Aligarh Muslim University
|علیگڑه مسلم یونیورسٹی|
The seal of the Aligarh Muslim University
|Motto||Arabic: عَلَّمَ الاِنْسَانَ مَا لَمْ يَعْلَم
ʻallam al-insān-a mā lam yaʻlam
Motto in English
|Taught man what he knew not (Qur'an 96:5)|
|Established||1875 (as MAO College)
1920 (as AMU)
|Vice-Chancellor||Lt. General Zameer Uddin Shah|
|Location||Aligarh, Uttar Pradesh, India
|Affiliations||UGC, NAAC, AIU|
Aligarh Muslim University (AMU) is a public central university. It was originally established by Sir Syed Ahmad Khan as Mohammedan Anglo-Oriental College in 1875. The Mohammedan Anglo-Oriental College became Aligarh Muslim University in 1920. The main campus of AMU is located in the city of Aligarh. Spread over 467.6 hectares, AMU offers more than 300 courses in both traditional and modern branches of education. In addition to this it has its three off-campus centres at Malappuram (Kerala), Murshidabad (West Bengal) and Kishanganj (Bihar). The university comprises all castes, creeds, religions and genders, and is an Institute of National Importance provided under the Seventh Schedule of the Constitution at its commencement.
- 1 History
- 2 Organisation
- 3 Academic profile
- 4 Student life
- 5 Notable alumni
- 6 University in literature and other media
- 7 References
- 8 Further reading
- 9 External links
It was established as Madrasatul Uloom Musalmanan-e-Hind in 1875. The college started on 24 May 1875. The Anglo–Indian statesman Syed Ahmad Khan founded the predecessor of AMU, the Muhammadan Anglo Oriental College, in 1875 having already established two schools. The movement of Muslim awakening associated with Syed Ahmad Khan and M.A.O. College came to be known as Aligarh Movement. He considered competence in English and "Western sciences" necessary skills for maintaining Muslims' political influence, especially in Northern India. Khan's image for the college was based on his visit to Oxford and Cambridge and he wanted to establish an education system similar to the British model.
A committee was formed by the name of foundation of Muslim College and asked people to fund generously. The, then, Viceroy and Governor General of India Sir Lord North Brook gave a donation of Rs 10000 and the Lt. Governor of the North Western Provinces contributed Rs 1000 and by March 1874 the fund for the college stood at Rs 153492 and 8 anas.
In the beginning, the college was affiliated with the University of Calcutta for the matriculate examination but became an affiliate of Allahabad University in 1885. In 1877, the school was raised to college level and Lord Lytton laid the foundation stone of the college building.
Transformation into university
In 1927, a school for the blind was established and, the following year, a medical school was attached to the university. By the end of the 1930s, the university had developed an Engineering faculty. Syed Zafarul Hasan, joined the Aligarh Muslim University in early 1900s as head of Philosophy Department, dean Faculty of Arts. He was a pro-vice chancellor before his retirement.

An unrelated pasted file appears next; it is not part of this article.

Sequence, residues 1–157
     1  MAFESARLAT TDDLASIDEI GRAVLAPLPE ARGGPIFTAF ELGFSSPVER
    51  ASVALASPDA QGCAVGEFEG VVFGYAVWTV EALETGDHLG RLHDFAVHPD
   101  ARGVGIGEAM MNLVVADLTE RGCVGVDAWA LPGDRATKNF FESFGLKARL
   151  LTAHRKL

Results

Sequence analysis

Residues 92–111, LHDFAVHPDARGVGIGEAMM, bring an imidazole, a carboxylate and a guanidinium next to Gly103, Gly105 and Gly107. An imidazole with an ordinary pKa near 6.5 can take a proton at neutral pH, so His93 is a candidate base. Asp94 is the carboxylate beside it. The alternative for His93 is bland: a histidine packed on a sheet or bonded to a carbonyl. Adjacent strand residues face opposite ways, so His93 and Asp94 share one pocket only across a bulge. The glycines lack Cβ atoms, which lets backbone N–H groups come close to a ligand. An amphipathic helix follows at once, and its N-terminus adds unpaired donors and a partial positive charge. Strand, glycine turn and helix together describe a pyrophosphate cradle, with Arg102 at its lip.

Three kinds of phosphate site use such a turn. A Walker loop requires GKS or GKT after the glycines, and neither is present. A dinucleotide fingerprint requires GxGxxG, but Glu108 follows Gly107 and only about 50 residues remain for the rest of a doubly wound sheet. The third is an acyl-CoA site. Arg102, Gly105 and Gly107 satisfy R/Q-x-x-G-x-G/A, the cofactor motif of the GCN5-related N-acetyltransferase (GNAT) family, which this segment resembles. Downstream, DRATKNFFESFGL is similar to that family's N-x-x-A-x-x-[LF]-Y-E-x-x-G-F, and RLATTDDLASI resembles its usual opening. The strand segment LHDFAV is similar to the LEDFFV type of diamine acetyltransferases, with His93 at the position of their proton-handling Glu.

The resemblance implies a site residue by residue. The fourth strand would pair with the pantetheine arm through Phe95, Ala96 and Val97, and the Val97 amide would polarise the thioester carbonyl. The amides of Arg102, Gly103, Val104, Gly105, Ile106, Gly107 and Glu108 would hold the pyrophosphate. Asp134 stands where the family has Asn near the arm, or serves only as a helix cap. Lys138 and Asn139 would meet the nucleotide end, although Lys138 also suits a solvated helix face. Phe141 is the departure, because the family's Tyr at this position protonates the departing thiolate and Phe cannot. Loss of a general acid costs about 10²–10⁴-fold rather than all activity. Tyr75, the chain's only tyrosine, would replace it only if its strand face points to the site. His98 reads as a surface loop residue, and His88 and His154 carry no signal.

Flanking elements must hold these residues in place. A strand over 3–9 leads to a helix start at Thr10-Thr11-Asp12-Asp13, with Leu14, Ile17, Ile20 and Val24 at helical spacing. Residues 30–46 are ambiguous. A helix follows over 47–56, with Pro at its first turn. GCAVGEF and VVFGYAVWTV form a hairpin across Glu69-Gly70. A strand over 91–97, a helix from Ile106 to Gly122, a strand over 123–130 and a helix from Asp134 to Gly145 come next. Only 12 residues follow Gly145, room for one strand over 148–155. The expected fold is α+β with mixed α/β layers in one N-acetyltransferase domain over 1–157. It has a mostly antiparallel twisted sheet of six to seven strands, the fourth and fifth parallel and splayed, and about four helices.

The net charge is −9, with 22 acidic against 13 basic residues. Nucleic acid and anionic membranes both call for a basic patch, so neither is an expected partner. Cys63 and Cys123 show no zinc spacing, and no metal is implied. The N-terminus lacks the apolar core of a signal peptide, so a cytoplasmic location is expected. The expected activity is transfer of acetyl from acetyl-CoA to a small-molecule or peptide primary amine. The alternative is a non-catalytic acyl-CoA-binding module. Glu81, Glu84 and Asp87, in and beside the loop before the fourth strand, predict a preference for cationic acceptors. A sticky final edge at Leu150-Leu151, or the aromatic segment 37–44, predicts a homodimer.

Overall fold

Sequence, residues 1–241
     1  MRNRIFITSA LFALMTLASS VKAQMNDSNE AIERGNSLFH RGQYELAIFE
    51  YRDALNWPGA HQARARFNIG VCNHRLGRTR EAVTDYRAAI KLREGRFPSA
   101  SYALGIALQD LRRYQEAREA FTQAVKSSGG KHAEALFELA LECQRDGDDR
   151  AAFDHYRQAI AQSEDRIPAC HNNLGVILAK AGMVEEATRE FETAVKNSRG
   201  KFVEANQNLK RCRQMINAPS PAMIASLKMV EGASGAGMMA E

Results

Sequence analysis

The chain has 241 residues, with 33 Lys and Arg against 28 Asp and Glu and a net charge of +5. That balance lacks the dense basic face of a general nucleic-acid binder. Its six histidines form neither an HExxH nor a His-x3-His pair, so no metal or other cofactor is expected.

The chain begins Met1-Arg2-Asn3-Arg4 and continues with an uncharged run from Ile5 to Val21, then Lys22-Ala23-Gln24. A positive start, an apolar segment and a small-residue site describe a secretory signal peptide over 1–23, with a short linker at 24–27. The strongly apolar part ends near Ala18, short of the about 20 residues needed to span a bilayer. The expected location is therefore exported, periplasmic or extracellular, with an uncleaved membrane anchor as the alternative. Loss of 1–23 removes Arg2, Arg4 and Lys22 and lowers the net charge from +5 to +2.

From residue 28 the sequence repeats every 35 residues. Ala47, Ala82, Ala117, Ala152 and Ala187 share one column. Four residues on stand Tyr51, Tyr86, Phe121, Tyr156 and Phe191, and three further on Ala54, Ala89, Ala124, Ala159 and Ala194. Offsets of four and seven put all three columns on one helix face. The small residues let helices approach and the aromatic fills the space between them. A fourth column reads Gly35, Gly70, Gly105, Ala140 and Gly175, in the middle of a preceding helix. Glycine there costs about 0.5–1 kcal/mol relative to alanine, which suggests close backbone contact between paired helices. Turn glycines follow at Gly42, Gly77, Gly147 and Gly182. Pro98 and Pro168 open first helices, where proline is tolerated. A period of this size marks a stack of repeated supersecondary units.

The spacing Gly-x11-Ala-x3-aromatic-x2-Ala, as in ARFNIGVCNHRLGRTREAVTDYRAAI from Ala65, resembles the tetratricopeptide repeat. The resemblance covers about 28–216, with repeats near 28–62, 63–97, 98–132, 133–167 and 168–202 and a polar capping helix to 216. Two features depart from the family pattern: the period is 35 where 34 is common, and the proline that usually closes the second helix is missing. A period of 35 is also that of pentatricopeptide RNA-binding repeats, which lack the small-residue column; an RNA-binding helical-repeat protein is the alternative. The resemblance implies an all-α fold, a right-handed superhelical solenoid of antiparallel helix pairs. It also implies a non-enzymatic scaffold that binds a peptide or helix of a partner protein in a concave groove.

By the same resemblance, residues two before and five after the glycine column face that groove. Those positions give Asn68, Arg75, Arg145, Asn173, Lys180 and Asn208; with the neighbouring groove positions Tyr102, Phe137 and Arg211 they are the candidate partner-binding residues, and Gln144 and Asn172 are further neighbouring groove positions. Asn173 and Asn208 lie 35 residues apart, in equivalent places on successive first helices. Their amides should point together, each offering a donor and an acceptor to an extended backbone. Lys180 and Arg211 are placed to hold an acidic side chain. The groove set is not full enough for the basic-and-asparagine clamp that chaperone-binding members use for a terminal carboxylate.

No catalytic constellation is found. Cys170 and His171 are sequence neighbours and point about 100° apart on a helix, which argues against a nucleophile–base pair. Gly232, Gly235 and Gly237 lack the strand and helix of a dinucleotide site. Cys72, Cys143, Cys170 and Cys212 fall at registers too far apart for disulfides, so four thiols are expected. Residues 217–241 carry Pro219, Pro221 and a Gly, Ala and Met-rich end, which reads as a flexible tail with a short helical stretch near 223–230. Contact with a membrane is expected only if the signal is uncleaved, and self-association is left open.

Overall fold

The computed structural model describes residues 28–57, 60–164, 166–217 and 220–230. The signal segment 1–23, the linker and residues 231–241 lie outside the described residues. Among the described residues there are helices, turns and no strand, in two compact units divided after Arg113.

Before 1939, faculty members and students supported an all-India nationalist movement. After 1939, political sentiment shifted toward support for a Muslim separatist movement. Students and faculty mobilised behind Muhammad Ali Jinnah and the university became a center of Pakistan Movement.
Women's education started at the university with the establishment of the Girls School on 19 October 1906. The All India Muhammadan Educational Conference had started a movement to establish girls education from 1896 onward. The school became intermediate college in 1929 and on 1930 it was made a constituent college of the university and the name was changed to Women's College. Since then it caters to the female undergraduate students of the university.
In late 2014 the university's vice-chancellor Zameer Uddin Shah turned down a demand by female students of the college to be allowed to use the Maulana Azad Library, which was male-only. Shah stated that the issue was not one of discipline, but of space as if girls were allowed in the library there would be "four times more boys," putting a strain on the library's capacity. Although there was a separate library for the university's Women's College, it was not as well-stocked as the Maulana Azad Library. National human resource and development minister Smriti Irani decried Shah's defense as "an insult to daughters."
Responding to a petition filed by a Human Rights Law Network intern, the Allahabad High Court ruled in November 2014 that the university's ban on female students from using the main library was unconstitutional, and that accommodations must be made to facilitate student use regardless of gender. The High Court gave the university until 24 November 2014 to comply.
Aligarh Muslim University claims itself as a minority institute guaranteed under Article 29 and 30 of the Constitution of India. However, Allahabad High Court has struck down provisions of Aligarh Muslim University Act stating that AMU is not a minority institution. In April 2016, the Indian government advised the court it would not appeal the decision.